As soon as our wounds were healed, I and two other soldiers, desiring to go to the town of Trinidad, agreed for our passage with an inhabitant of the Havanna, who was going there in a canoe to sell a cargo of cotton, for which he was to be paid ten crowns in gold. We accordingly embarked with him, and after coasting along for eleven days, we were driven on shore in a violent gale of wind, near an Indian town named Canarreon, the canoe being dashed to pieces, while we reached the shore with much difficulty naked, bruised, and wounded. We were forced to adopt the clothing of our first parents, and tied sandals to our feet made of bark which we cut from the trees with sharp stones, fixing them on by means of the tough flexible roots of a plant called bejucos. Travelling in this sorry plight, we came in two days to the village of Yaguarrama, where Fray Bartholome de las Casas was then parish priest, who was afterwards bishop of Chiapa. I went next day to the town of Chipiona, belonging to Alonso de Avila, where I got myself decently clothed at the house of a friend named Antonio de Medina. I then continued my journey to St Jago, where the governor, Velasquez, was preparing to fit out another expedition of discovery. Being my relation, as well as governor, I went to wait upon him, when he asked if I was willing to undertake another expedition to Yucutan. I answered, that it ought rather to be called the land of wounds and disasters. He replied, he knew that we suffered much in the last voyage, but such was often the fate of those who sought fame and honour by new discoveries, and that he would take care to inform the king of our services, that we might be rewarded according to our merits. “And now,” said he, “my son, if you will try your fortune once more, I will place you in a station where you may reap honour.”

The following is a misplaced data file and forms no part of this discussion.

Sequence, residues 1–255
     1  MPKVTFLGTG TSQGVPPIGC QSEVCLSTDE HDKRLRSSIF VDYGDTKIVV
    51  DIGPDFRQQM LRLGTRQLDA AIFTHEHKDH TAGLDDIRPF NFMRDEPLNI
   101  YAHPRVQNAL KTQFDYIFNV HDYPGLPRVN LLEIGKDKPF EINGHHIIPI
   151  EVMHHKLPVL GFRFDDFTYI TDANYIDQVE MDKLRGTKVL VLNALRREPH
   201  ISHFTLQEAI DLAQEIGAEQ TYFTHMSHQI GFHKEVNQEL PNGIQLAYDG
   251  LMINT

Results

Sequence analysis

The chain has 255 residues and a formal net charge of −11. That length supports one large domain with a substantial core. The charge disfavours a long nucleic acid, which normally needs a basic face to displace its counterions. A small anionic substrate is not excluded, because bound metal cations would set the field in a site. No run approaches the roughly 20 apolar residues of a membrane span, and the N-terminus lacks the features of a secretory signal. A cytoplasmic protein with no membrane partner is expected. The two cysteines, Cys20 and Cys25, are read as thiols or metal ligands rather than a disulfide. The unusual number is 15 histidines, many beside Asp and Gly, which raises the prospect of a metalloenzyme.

The present voyage of Cordova was in 1517:
that of Ponce de Leon in
1512, only five years before.—E.
 Nothing can be more ridiculous than this fancy
of the Americans being
descended from the Jews: Without stopping to controvert this absurd
opinion, it need only be noticed that the Jews, at least after their
return from captivity, have uniformly rejected the use of images, even
under the severest persecutions; except perhaps in Spain, where the
modern Jews are said to worship the Catholic idols with much apparent
devotion, to avoid the terrors of the Inquisition.—E.
Expedition of Juan de Grijalva in 1518.